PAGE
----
Saturday Art and Archaeology; Poverty Point, Louisiana
The home of tribal ceremonial construction by original inhabitants of the North American continent, Poverty Point has proved to be exceptional in skill of execution, artwork, and the extent of the tribal center of inhabitation. The mounds were not excavated until in 1950’s when aerial views were examined and showed the shape of what appears to be a bird in flight, contained in a detailed community of mound building, that showed form and structure beyond what had been envisioned previously as the development of civilization reached by the inhabitants of this bayou area.
In the 1830s Jacob Walter, a man searching for lead ore in the area, came across Poverty Point and wrote about it in his diary. The first published account of the site was in 1873 by Samuel Lockett, who had served as an officer in the Confederate Army during the War Between the States.
During the early 20th century, archaeologists took interest in the site, with it being briefly investigated by Clarence B. Moore over 1911–1912, by Gerard Fowke of the Smithsonian Institution in 1926, by Clarence H. Webb in 1935, and by Michael Beckman in 1946, while he was searching for oil. Three excavation seasons in 1952, 1953 and 1954 were undertaken by James A. Ford and Robert Neitzel, leading to the publication of Poverty Point, a Late Archaic Site in Louisiana in 1956. It was during this excavation that “Poverty Point witnessed some of the first experimental archaeology done in North America.”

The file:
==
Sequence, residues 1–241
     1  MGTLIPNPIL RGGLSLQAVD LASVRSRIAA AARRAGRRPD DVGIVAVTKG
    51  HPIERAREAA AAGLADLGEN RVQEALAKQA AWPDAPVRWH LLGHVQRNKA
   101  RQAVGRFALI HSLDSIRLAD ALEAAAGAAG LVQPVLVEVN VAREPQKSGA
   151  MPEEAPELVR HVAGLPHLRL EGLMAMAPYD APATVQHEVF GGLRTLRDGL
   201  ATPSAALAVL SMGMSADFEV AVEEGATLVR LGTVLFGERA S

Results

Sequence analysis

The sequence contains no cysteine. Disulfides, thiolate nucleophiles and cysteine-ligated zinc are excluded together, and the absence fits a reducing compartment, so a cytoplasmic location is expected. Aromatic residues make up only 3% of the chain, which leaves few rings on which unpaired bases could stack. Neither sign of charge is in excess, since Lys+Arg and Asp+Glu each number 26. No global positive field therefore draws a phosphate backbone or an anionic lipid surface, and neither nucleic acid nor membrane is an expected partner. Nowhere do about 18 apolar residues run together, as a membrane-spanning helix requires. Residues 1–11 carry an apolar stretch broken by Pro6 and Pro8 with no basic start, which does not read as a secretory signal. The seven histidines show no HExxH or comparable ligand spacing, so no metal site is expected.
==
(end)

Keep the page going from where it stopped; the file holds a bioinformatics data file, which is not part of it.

I arrived on a bad travel day, with flooding in the bayou area, and was the only visitor for awhile in the site which is many miles off the beaten track. The staff of well informed archaeologists opened the center for me and were helpful in every way, even allowing me to drive the paved route through the mound area and courteously telling me about the many artifacts in the information center. It is particularly helpful when a visitor has come so far, to have the items found on the site displayed there. The experience of visiting remote sites such as Spiro Mounds in Oklahoma and Meadowcroft Rock Shelter in Pennsylvania can be somewhat disappointing since the many evidences of inhabitation and culture found there have been dispersed to collectors and institutions instead of being there to experience where they belong.
Archaeologists such as Sherwood Gagliano and Edwin Jackson support the concept that Poverty Point was a site where various groups came to meet and trade on an occasional basis. Gibson believes there was evidence of too much rubbish left by original inhabitants to indicate only occasional habitation, and that it would be implausible for such a monument to be built to be used simply as a trading center.